Was talking to my relatives back east today. They are part of the 2,000,000
people with no electricity in MO and IL. 40 years ago when I lived there I
had a gas furnace with a 2 stage thermostat that was thermocouple powered.
It had instructions on how to operate the furnace with no electric power in
an emergency. As I remember, you would remove the cover to the blower
section, and leave the door to the basement open. The furnace would function
as an old style gravity hot air gas unit. It only turned on part of the
burner, but the high temp limit and thermostat still worked. Was wondering
if any furnaces like that are available now? Tried googling every
description I can think of and can't find anything.
look at grainger and johnstone supply for direct vented gas wall
heaters and look for the millivolt thermostat ones with no cfm listed,
with no electric blower on them.
as we learned again in a 9 day electrical power failure in buffalo ny
if you can't open the kitchen window for ventilation and roast a turkey
with your modern gas stove during an electrical power outage, your
stove has too many electrical and electronic control gadgets on it. get
a basic model natural gas stove. the stove always gets turned off at
sleep time and is never operated with the oven door standing open.
then, at least one room in the house should have a big warm natural gas
wall heater which is direct vented, with a millivolt thermostat, and
with a standing pilot light. if your home has a 100,000 btu forced air
furnace then a 30,000 btu gas heater or larger will be a real comfort
as a secondary heat source when the electricity is missing.
and, a conventional natural gas water heater with a standing pilot
which does not require any electricity will serve you very well in a
if your basement requires a sump pump and you have city water not a
well, be sure you have a secondary WATER POWERED sump pump not just an
electrical one. wet parts of this city went crazy with flooded
basements and buying generators to power the electrical sump pumps.
we learned that c and d flashlight batteries sell out first, so have a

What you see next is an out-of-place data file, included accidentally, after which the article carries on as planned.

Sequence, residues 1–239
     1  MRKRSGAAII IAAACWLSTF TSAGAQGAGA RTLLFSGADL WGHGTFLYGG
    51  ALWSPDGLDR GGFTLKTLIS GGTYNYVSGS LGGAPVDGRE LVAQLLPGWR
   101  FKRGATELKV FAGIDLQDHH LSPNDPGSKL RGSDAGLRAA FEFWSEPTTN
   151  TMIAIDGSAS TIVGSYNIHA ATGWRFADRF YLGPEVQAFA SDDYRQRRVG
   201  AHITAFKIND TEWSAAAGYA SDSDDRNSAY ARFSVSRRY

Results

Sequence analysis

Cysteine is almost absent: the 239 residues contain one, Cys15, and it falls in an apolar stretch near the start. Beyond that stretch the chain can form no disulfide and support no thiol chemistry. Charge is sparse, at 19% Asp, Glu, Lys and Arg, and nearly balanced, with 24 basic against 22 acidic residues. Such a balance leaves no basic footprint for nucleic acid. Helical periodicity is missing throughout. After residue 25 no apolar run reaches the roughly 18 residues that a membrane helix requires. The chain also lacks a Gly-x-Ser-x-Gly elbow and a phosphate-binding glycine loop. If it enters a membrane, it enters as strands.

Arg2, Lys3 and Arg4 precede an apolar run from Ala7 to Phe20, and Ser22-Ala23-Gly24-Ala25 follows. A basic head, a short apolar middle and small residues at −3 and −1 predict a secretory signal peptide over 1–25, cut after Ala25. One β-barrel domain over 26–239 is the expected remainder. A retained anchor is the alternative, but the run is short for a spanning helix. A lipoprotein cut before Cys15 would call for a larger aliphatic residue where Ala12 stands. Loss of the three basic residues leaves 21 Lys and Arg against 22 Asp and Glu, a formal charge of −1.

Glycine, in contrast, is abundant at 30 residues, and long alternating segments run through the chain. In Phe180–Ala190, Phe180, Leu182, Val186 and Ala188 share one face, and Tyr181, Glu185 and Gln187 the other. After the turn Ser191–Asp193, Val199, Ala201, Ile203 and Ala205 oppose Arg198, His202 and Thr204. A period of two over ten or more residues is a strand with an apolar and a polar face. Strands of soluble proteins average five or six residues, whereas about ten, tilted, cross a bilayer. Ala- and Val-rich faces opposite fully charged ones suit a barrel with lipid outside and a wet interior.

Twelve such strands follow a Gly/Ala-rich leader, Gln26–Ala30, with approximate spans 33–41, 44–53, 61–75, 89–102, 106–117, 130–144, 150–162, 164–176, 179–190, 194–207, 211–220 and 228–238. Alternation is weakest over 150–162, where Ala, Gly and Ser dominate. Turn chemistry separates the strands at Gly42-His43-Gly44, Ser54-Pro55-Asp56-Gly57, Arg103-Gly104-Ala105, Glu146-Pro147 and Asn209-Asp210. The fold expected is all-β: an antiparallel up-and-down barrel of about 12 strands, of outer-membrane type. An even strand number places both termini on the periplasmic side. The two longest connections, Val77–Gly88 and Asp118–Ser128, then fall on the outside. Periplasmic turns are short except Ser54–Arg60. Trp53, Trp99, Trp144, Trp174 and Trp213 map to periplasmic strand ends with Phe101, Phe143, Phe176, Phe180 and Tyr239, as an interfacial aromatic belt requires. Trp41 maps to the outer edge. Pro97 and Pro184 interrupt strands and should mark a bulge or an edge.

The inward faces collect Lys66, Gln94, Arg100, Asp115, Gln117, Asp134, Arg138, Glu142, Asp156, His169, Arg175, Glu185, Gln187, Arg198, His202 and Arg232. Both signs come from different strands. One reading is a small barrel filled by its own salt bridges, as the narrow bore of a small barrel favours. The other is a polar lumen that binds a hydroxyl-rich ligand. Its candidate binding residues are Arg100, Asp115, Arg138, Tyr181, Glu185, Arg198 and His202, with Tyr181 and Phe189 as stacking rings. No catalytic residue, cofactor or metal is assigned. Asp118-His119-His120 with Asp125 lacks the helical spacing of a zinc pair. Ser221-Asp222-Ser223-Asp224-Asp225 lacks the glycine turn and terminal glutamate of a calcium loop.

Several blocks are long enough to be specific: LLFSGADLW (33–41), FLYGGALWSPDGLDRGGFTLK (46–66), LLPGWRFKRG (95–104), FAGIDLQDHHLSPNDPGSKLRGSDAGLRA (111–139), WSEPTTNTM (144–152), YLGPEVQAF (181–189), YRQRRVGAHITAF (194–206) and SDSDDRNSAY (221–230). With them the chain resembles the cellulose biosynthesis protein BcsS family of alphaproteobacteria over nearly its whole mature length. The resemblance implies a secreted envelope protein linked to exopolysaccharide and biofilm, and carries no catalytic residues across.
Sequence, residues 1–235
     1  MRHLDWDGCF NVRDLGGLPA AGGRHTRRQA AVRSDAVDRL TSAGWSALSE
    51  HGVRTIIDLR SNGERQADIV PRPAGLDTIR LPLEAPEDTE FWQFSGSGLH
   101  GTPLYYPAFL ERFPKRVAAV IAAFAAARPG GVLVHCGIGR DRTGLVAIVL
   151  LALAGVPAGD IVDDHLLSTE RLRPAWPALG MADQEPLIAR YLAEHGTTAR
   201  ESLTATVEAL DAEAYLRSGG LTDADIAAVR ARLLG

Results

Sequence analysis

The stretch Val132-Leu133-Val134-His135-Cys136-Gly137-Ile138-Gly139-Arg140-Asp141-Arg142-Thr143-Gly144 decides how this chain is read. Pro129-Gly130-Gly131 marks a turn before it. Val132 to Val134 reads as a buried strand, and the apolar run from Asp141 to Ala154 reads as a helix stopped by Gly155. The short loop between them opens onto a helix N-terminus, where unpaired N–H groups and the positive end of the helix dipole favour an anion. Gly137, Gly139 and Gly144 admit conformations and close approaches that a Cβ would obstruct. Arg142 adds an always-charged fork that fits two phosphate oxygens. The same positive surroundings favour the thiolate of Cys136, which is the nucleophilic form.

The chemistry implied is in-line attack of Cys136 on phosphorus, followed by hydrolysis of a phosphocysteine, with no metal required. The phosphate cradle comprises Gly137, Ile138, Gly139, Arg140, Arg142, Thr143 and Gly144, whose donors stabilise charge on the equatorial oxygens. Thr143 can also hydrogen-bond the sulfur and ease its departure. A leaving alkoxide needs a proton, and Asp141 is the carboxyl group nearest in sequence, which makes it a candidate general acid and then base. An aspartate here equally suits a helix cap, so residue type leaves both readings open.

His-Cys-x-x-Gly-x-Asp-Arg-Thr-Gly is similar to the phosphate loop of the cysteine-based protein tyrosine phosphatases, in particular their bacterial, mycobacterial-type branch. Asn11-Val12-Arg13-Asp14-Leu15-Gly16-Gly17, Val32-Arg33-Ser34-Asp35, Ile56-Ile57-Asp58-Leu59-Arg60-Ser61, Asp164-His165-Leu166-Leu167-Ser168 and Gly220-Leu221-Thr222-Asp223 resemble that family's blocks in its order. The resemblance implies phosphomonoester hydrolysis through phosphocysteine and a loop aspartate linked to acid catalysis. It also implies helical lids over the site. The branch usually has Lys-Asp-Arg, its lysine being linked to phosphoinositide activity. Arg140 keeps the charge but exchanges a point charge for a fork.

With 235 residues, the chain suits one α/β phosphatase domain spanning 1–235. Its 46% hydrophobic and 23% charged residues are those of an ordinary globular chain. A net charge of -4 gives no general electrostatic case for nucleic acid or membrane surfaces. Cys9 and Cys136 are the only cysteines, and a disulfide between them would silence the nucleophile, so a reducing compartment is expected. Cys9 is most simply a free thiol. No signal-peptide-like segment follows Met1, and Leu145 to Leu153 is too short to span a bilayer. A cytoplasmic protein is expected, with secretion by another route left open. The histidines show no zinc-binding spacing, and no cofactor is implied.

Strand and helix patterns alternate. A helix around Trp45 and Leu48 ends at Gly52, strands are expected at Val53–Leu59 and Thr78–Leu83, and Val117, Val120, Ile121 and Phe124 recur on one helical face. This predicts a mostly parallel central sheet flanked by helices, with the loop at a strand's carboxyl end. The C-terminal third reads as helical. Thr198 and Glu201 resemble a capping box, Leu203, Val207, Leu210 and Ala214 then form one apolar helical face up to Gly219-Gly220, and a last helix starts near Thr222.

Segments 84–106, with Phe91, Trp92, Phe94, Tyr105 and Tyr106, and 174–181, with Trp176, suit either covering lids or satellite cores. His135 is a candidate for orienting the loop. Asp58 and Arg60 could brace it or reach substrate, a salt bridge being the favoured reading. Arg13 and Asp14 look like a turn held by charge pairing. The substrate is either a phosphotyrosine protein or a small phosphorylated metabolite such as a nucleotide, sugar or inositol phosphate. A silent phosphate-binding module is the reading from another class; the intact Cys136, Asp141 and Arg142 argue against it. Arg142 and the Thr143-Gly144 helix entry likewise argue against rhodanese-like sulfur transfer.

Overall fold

variety of aaa and aa flashlights around the house also.
we learned how to love local talk radio wben am 930 when they changed
to 24 hours of local news and live local telephone call-in for the
whole time [and suspended their national talk network format for the
Big Al wrote:
So far, I've found millivolt thermostats, gas valves, all kinds of controls,
and the thermopiles but no complete furnace. Guess a guy could just convert
any furnace if it can gravity feed.
My "new" old house (circa 1949) has a double wall gas heater. It uses a
mechanical thermostat built right in the gas valve. No electricity needed.
The old timers were smarter than we are:)
Interesting what you said about gas ranges. Don't think the oven will work
in my new one without electric. Need to try it. Never thought of that.
Our oven uses an electronic starter, as do most/all these days it seems
like. A match will not start it -- it relies on (I think) measuring the
current flow in the hot wire ignitor, and will not open the gas valve
until it reaches proper temperature. Maybe a torch to the ignitor would
get the resistance down ... but you still have to open the
electrically-operated valve. So no, the oven will likely *not* work
testing your gas oven for a power failure:
hold a flame to the oven safety pilot while calling for heat at the
oven control. if it lights, run it at 200 degrees with oven door closed
while you watch the pilot and burner from the lower broiler door. if it
cycles and keeps its pilot lit until you turn it off you win.
remember the main may have a 45-60 second delay after pilot is first
Big Al wrote:
your better off buying a inverter, connect to car battery and get 120
volts electric to run all sorts of stuff. or a few thousand watt
in a emergency a microwave can be wonderful, or charge your cell phone,
or just a couple lights and a mini tv, or a small room AC in the summer
so you get a good nites sleep
heard from a friend her mom lost power yesterday nite and had no heat.
i could of taken my generator and helped her out if I had known.
DONT backfeed the power grid, install a special lockout breaker or know
what your doing!
but in advance you can make preparations.
we lost power once for 3 days, it was the pits, fortunately it was
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